A Libyan rebel fighter flashes a victory sign as an aircraft carrying supplies for the rebels departs along a guarded mile-long stretch of road being used as runway, outside of Rhybat in western Libya, on July 19.
A Libyan rebel fighter flashes a victory sign as an aircraft carrying supplies for the rebels departs along a guarded mile-long stretch of road being used as runway, outside of Rhybat in western Libya, on July 19. Gaia Anderson/AP
For several months, opposition troops have squared off against Moammar Gadhafi's forces on the ground in Libya. But for the most part, there's been only incremental movement along the front lines.
"Some of the areas that are left, we suspect have maybe have a bit more loyalty — or mixed loyalties — to the Gadhafi government than what was predicted by the people who expected this to be a quick war," says New York Times reporter C.J. Chivers. "So what's left now in front of these opposition forces often looks difficult. ... So what we see as we head into what may be a Ramadan lull is something that potentially looks like [a] stalemate."
Chivers, who covers the war in Libya for The Times, has spent the past several months traveling with anti-Gadhafi forces on the front lines. He recently wrote that the rebels "present a portrait of a guerrilla force that acts less like a coherent structure than a network of pickup fighting clubs."
"I'm talking about the rank and file — the guys who are actually carrying the guns," he tells Fresh Air's Terry Gross. "They're accidental combatants. They didn't see this coming. They're civilians. It's almost astonishing when you're riding with them in these convoys ... They're petroleum engineers and biochemists and laborers and welders and schoolteachers and lawyers and occasionally a doctor. And so you can't expect them to be competent, well-organized, tactically sound and technically proficient fighters. They don't have any experience in this."
Chivers says local rivalries, a lack of supplies and poor communication have affected the ways rebel fighters view the men they're fighting alongside.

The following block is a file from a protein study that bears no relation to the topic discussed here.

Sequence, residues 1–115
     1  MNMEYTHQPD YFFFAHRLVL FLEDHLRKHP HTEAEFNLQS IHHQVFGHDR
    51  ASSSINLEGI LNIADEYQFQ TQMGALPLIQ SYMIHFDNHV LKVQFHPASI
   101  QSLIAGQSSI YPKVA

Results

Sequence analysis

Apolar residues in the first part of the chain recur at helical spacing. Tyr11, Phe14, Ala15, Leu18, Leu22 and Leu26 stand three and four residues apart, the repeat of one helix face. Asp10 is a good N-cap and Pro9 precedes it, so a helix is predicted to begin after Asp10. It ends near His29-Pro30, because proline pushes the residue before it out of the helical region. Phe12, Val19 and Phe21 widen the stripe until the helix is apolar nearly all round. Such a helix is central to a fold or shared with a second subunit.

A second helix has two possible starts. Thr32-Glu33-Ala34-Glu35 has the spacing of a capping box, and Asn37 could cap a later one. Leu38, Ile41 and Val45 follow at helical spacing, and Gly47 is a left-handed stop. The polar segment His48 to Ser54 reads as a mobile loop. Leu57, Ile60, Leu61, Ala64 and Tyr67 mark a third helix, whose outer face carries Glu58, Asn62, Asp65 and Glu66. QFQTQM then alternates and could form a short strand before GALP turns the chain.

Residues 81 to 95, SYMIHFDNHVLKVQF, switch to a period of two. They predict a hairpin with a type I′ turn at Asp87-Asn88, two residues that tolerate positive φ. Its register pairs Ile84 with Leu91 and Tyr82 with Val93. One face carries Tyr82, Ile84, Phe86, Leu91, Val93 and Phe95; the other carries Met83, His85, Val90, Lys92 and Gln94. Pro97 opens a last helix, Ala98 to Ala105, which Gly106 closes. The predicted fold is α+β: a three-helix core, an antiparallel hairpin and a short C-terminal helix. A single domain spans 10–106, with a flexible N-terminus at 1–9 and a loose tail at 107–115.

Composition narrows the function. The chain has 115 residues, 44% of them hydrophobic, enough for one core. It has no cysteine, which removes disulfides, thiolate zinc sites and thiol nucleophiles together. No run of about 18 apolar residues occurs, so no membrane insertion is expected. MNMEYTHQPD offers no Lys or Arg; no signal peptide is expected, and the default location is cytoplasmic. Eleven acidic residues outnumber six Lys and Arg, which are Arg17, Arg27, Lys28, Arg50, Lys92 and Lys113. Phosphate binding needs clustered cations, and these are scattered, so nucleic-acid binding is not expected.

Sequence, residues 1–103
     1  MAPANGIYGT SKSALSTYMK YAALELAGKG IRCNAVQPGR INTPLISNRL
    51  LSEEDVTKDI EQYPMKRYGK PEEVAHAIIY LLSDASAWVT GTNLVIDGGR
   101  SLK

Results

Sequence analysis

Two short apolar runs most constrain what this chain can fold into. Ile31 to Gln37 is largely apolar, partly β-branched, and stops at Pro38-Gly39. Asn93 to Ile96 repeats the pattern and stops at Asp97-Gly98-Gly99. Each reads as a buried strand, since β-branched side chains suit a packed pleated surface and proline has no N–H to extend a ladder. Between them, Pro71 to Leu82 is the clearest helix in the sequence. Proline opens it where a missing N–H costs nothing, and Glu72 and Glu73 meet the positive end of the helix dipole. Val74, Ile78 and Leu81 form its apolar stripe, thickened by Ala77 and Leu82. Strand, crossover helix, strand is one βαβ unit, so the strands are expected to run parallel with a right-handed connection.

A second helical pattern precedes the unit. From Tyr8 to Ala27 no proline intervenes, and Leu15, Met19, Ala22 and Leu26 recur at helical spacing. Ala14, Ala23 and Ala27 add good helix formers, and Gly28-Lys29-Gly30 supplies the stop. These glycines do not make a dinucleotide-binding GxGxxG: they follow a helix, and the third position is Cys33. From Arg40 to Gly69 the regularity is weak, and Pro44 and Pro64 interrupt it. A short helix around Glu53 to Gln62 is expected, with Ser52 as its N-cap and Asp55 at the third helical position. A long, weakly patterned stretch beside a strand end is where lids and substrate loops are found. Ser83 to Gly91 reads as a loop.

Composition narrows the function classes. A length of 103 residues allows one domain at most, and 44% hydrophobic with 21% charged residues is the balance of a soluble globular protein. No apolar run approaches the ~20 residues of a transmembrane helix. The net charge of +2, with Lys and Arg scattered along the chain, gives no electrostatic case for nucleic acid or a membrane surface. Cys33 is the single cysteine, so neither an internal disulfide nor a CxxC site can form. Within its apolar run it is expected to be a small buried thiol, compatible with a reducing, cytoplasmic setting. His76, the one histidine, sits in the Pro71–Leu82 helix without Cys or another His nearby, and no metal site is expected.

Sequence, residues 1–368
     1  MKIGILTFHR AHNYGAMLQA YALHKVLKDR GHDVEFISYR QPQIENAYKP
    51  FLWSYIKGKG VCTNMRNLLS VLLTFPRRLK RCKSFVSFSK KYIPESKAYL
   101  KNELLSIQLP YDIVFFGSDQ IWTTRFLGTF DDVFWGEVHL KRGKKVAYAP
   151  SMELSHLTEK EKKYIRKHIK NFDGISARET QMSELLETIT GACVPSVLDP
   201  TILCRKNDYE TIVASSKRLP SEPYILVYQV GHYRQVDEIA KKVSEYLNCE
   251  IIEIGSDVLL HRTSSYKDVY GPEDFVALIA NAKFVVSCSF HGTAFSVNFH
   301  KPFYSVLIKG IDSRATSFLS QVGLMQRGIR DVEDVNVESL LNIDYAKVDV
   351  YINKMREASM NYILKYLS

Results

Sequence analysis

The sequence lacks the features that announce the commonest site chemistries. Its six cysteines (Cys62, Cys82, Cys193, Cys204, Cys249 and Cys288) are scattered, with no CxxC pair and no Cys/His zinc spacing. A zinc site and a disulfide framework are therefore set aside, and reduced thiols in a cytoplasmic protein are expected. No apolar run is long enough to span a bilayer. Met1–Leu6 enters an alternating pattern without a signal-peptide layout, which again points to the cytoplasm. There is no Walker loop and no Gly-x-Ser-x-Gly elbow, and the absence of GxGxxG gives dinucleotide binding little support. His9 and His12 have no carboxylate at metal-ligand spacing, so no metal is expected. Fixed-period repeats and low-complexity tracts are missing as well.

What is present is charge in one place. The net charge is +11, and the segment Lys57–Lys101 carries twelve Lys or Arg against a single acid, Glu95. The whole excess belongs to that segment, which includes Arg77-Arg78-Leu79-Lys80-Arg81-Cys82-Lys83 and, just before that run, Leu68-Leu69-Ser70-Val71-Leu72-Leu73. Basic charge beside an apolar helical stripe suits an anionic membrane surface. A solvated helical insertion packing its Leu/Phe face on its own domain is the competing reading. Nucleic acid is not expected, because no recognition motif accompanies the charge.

"But the biggest suspicion that they feel is that in their ranks are informants," he says. "And so they're very worried that there are Gadhafi supporters who are relaying information."
Tyler Hicks/courtesy of the author
C.J. Chivers is a war correspondent for The New York Times. He won a Pulitzer Prize in 2009 as part of a team of reporters and photographers reporting from Pakistan and Afghanistan.
C.J. Chivers is a war correspondent for The New York Times. He won a Pulitzer Prize in 2009 as part of a team of reporters and photographers reporting from Pakistan and Afghanistan. Tyler Hicks/courtesy of the author
A Close Call
Chivers says he recently almost got hit by a NATO airstrike that targeted an area already held by the rebels.
"It sounded like the sky falling and I knew immediately what it was because I had been close to a bunch of airstrikes in Afghanistan," he says. "I had enough time for one thought. It was kind of two words fused as one. I thought, 'Airstrike. Dead.' And I thought they got us."
The topography of the land prevented Chivers, his driver and his translator from getting hurt. After the strike, he says he immediately called The New York Times and told them what had happened. He then contacted NATO, which has been launching attacks on Gadhafi forces to keep them from waging war on the Libyan people.
"NATO has acknowledged that they put that bomb there," Chivers says. "But we haven't had a particularly expressive conversation with them because they've been unwilling to discuss any of the additional circumstances: whose aircraft it was, what kind of munitions were used, why they did it. They sent a statement that said something like, 'This mission in question complied with our mandate to protect civilians.'"